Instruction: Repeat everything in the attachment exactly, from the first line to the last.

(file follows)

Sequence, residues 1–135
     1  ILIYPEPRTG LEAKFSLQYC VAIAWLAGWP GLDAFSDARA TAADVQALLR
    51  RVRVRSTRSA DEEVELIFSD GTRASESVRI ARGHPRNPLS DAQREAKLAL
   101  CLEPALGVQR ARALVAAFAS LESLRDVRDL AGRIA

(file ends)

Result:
Sequence, residues 1–135
     1  ILIYPEPRTG LEAKFSLQYC VAIAWLAGWP GLDAFSDARA TAADVQALLR
    51  RVRVRSTRSA DEEVELIFSD GTRASESVRI ARGHPRNPLS DAQREAKLAL
   101  CLEPALGVQR ARALVAAFAS LESLRDVRDL AGRIA